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10/01/2006

  2.3 Engine Pt 3

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2.3 Engine Pt 2
2.3 Engine Pt 3

 
So we have established, then, that the larger the capacity of the four-cylinder IL engine, the greater the Secondary vibration and the less the ability of flexible engine mountings to suppress it.

The greater weight and complexity of a six cylinder engine, especially in the lower capacities, militates against using it simply for its refinement - what the vehicle manufacturers need is a four cylinder engine which is light, powerful, economical - and very smooth.

Oddly enough, the issue of the Secondary imbalance was addressed as long ago as 1911. The Lanchester cars of that year used secondary balance shafts which did the impossible - it exerted a force upward at the right time, then downward, and did nothing in between. The figure below demonstrates the principle of the secondary balancer:

The diagram at A shows the cleverness of the design. Two counter-rotating shafts carry weights and rotate at twice crankshaft speed. They are timed to coincide with two pistons when they are TDC, and balance out the secondary force. In as little as 45' later, B, they are no longer required but they have already turned and in opposing each other the weights cancel out. In C at 90' Crankshaft angle they apply an upward force and then cancel out again in D when their force is no longer required. Spinning in this way in light low-pressure bearings and timed to the crankshaft, the secondary balance shafts were very successful in the Lanchester but were not adopted generally.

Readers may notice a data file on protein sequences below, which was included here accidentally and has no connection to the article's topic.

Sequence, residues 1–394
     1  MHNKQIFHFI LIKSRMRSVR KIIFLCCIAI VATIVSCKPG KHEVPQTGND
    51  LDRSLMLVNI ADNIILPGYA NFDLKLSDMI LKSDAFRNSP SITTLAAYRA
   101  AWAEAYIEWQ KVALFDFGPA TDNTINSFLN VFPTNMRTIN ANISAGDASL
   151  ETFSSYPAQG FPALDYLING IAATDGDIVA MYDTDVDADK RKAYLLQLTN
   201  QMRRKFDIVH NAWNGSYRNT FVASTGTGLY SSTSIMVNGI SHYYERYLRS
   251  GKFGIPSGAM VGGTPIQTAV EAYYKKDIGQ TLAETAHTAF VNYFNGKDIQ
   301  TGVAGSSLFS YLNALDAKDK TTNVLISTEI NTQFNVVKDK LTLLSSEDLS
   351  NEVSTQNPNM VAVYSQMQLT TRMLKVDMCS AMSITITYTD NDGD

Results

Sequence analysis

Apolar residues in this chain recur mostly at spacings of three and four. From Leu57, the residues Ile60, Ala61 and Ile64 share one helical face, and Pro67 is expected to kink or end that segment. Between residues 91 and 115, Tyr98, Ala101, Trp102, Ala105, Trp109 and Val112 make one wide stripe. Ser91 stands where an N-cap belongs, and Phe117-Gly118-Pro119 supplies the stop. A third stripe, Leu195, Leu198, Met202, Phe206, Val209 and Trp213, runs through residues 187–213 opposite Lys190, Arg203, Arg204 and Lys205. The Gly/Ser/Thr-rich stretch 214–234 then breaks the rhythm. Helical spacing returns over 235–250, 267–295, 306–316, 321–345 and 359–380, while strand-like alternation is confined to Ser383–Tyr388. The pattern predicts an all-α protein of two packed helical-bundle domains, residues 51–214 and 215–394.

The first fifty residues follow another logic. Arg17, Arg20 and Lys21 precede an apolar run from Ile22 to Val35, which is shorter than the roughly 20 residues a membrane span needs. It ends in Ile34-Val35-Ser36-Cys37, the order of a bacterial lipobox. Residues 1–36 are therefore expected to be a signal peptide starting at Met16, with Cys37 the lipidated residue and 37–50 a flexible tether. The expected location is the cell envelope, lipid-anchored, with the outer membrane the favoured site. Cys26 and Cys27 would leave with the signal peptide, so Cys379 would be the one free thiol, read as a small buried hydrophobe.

In 1975 Mitsubishi Motors produced their 'Silent Shafts' design and in many ways it is similar to the Lanchester principle except that the two balancing shafts have been set at different centres so that the shafts can also damp out the rolling force produced by the combustion stroke:

The shafts are set with centres equidistant from the crankshaft axis and their centres are 0.7 of the length of the connecting rod. This system was used in the 2.4L Porsche 944 engine in the 1980s and was claimed to reduce the engine noise by 20Db.

Ford has used a Secondary Balancing system, apparently of their own design, in the 2.3DOHC engine. The two shafts are set at the same height but below the crankshaft, in bearings in the sump immersed in the oil. Plastic covers over the counterweights prevent foaming in the oil, and the shafts are driven by helical gears and a simplex chain from the crank sprocket. It is in this way that they have produced a very refined, smooth engine with all the advantages of weight saving, size and simplicity over a 6. The resulting engine is mechanically similar to the DOHC2000 but with a larger bore and with an increased height because of the balancer module.

Used first in the Scorpio, the engine produced enthusiastic reports from the motoring press which generally commented on the smoothness and refinement of the engine. Producing 145bhp and with enhanced torque, it was perhaps the obvious choice for the new Galaxy. In this vehicle the engine mountings and manifolds have been redesigned for a transverse layout.

 

 

 

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